Chart of the month: June Edition

by Pierre Mouton


Source: Bloomberg
Source: Bloomberg

This recurrent question which always comes from the audience when a financial presentation is held (outside of the US of course): “and, what do you think of the dollar?”…… and it very often embarrasses the speakers because you normally can illustrate a bearish or a bullish scenario with numerous different reasons:

  • Commodities are down, so the dollar goes up
  • Risk-off environment, the dollar falls
  • Foreign Central Banks build up their USD reserves, so the Greenback rises
  • Sovereign Wealth Funds liquidate positions, the dollar is headed down
  • Forget about any short term move, the dollar is the reserve currency of the world and, as such, must fall
  • US corporates hold trillions of dollars offshore and will repatriate them…the dollar will rise…

This non-exhaustive list just show how easy it is to find a rationale for supporting a bearish or a bullish view on the dollar, and there are probably times when one or two or all these explanations are perfectly valid…. But what about a simple, verifiable and proven reason like….interest rates differential?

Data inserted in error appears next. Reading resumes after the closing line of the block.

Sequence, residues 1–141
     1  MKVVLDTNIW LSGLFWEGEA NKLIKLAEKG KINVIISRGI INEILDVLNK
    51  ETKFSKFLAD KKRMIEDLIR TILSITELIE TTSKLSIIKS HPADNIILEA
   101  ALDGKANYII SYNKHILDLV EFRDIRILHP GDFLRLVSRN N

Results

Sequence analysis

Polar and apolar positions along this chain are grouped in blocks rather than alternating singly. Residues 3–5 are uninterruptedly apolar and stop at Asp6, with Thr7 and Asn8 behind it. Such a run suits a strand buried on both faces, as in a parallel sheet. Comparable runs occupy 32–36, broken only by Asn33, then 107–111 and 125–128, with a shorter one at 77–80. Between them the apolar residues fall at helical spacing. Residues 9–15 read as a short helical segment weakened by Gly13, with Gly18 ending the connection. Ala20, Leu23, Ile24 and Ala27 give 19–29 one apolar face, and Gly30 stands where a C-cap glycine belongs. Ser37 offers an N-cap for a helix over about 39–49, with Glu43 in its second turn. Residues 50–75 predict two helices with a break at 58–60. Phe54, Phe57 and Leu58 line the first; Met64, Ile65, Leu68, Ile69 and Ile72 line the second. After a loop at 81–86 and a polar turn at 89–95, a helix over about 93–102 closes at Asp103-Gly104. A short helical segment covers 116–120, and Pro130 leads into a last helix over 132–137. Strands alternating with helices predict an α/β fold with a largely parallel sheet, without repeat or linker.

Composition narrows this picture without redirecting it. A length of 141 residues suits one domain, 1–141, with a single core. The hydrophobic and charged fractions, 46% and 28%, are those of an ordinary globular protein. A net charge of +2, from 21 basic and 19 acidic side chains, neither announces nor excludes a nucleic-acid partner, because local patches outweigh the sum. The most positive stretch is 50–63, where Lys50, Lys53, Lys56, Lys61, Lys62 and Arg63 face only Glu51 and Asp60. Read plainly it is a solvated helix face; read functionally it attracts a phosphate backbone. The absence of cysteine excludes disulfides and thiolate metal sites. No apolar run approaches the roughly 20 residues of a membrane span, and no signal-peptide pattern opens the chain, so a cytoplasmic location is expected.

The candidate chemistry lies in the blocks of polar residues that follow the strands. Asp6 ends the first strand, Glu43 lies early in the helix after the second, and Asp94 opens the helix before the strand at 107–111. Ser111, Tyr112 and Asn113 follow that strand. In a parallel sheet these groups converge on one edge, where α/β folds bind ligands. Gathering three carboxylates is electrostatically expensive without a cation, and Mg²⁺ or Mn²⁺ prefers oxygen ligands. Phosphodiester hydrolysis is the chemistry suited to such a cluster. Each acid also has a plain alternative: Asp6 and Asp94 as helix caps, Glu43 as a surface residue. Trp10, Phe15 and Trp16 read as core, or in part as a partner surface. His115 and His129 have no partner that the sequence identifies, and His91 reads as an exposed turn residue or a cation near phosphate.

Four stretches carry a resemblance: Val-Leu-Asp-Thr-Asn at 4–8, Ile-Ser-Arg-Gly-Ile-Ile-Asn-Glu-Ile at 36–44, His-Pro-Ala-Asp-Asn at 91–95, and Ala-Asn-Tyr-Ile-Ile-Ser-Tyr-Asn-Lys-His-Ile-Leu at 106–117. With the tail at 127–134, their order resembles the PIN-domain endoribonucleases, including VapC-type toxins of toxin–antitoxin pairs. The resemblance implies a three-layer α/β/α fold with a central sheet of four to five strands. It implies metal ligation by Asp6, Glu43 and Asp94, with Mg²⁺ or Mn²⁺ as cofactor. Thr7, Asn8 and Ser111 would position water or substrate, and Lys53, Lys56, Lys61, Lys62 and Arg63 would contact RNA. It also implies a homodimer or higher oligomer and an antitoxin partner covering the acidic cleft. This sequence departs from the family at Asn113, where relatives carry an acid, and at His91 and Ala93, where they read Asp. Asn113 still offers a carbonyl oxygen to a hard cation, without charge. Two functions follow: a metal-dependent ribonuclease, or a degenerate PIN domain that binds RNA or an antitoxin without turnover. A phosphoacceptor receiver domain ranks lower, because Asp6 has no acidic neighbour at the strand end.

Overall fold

Yes, this sounds logical, and can be checked over a long period of time as the chart above shows when it comes to find a trustful cause for the euro-dollar parity movements: the interest rates differential between the US 10 year Treasury and the German 10 year Bund seem to be a good proxy for explaining the long term trend for the EUR/USD. To make it simple, when the red line falls the gap between the yield of a US 10 year Treasury and the 10 year Bund widens, so you are better remunerated for holding dollars than euros, and conversely when the red line rises. And the blue line is the euro-dollar parity.

Furthermore this comparison offers you nice positioning opportunities if you have a long term view. Just to illustrate, look at the wonderful recurrent buying opportunities you had on the dollar versus the euro from mid-2013 until mid-2014. The euro was on the rise while the interest rates differential was telling you that the opposite should have occurred.

So today what should be the answer when this terrible question arises: “and, what do you think of the dollar?”? The easiest answer is that the dollar is supported by a better remuneration, not by a wide margin though, but the speeches from the ECB and the Fed tell us that this yield differential should last for a while, so holding some dollars in a euro account makes sense today.


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